So You Want to Be a Deb

The famed business of The Debutante has become for many symbolic of the uppermost social rung. Debdom history began in Dallas in 1884 with the founding of the all-male Idlewild Club comprised of youngish social, civic, and business leaders. It still is premier: only Idlewild can extend the invitation for a girl to bow in generally Anglo, white Dallas society.

In sponsoring the debut the idea was to introduce a bit of tradition into the city, and a modicum of elegance with a smart dash of fun. It also proved to furnish a pleasant path for perpetuating a certain social structure via intermarriage among those of similar economic backgrounds. The idea was a solid success, as witness the fact that this year the venerable Idlewild Club presents its debs – 11 of them, bringing it to a grand total of 702 presentees since 1884.

Dallas’ social season will officially open the night of Idlewild, October 30, and will officially conclude with the debs’ final bow at Terpsichorean Ball the last Saturday of January. This does not mean Dallas parties grind to a halt at that point, but it does mean the spotlight will shift from the debs to other subjects.

Even the most modest debut requires a respectable cash outlay – and modest has never been the key word for any such endeavor. A debut in the distant past has been accomplished for as little as $20,000; today it starts nearer $30,000 and has ranged far in excess of that amount. The most important basic requisites for making an Idlewild debut are:

Financial – As noted, a debut is expensive, and while every debutante is not expected to (and won’t) spend the same amount on her season, Daddy had still better be in very healthy financial condition. Wardrobe expenditures include presentation gowns, coiffures, flowers, jewels, etc. – for mother and sisters, if any, as well as the honoree. Each deb is given her own personal ball, and this is the major expense.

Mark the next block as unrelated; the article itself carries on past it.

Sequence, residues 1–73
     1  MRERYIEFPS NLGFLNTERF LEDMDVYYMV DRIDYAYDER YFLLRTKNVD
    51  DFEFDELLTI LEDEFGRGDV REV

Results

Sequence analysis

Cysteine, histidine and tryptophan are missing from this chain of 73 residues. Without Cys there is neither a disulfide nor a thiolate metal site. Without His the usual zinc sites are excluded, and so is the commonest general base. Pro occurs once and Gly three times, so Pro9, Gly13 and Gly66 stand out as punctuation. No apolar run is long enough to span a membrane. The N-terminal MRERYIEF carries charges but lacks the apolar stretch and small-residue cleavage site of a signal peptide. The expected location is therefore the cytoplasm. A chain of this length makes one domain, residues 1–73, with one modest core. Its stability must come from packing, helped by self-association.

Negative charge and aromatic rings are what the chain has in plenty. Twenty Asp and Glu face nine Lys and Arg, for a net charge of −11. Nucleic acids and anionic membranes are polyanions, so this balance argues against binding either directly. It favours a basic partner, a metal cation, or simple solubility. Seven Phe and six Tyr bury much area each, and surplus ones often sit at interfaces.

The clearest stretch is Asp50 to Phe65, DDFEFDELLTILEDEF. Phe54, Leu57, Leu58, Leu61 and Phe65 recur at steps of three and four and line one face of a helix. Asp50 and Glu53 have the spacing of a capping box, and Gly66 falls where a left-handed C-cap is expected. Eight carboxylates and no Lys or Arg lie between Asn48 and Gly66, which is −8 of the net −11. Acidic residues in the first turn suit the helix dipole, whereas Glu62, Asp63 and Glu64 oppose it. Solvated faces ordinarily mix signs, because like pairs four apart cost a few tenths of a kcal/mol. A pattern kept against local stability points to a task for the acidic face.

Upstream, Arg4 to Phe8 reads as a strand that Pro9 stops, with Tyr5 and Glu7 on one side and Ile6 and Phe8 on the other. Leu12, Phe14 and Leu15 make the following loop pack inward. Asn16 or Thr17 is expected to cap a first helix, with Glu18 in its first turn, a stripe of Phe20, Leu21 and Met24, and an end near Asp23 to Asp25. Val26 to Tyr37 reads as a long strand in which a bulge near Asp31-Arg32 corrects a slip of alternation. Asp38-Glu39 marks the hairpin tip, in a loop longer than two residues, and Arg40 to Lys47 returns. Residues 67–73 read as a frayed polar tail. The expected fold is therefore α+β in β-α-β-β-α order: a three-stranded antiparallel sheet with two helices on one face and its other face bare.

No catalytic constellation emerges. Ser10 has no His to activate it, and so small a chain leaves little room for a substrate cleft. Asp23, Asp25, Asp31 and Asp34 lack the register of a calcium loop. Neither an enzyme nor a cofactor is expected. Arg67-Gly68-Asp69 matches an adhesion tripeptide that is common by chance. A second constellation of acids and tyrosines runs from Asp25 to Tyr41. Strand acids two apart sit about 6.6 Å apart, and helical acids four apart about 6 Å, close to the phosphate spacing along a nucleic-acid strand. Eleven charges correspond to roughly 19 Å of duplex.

Pedigree – It is desirable, if not absolutely necessary, that a debutante have a mother, grandmother, aunt, sister, cousin, or some relative who has made a bow at Idlewild or at another acceptable social event such as the San Antonio Fiesta or Tyler Rose Festival. The right schools, friends, fashions, hobbies, and sororities should be there. Being attractive is also helpful. A fat debutante simply will not have much fun. It is also nice to have prominent male civic and/or business stars on the family roster.

Since the world loves a winner, none of this activity will tarnish Daddy’s $ucce$$ image, either. How serious can all this debutante business be? Economically, very serious indeed. Overall, in an inflationary 1976 season with 11 debuts, the parties, teas, balls, luncheons, brunches that will be given for them and by them will generate as much as $2.5 million in the Dallas economy.

Meanwhile, the deb’s mother had better be in top physical condition since the rigors of a debut season involve mothers even more than the honorees – many of whom are attending college. Mother is expected to be at all the parties, even if daughter can’t make it. Thus, in a sense, mother makes a debut, too, for maybe the second time or more!

A season of prominence, however brief, carries with it certain intensive demands and awakens certain instincts. It has been known to provide debutantes with the impetus to become attentive community contributors. They often begin to feel responsible, and it rarely wears off.

On the minus side? For one thing, there is exposure to constant drinking on the young side – and with some it becomes a problem. Also, the girls are satiated with parties, and as one Dallas deb of a few seasons ago observes, “We used to say among ourselves sometimes that it was a shame but we just couldn’t care about going to another party no matter how beautiful.”

Another post-deb said, “Being youthful both in years and attitudes at this time, a girl can get the idea that this is the way all of life is at all times . . .and that she deserves it. Finding out differently can be a shock.”

But for most, the debut is a memoryof a time in life that was especiallysweet, exciting, and rather innocent.Thenceforward, debutantes lead livesthat would not generally providebestseller material. But for every debthere remains the unerasableremembrance that she was once a Star. . . and that’s fun to know no matterwhat happens in life.


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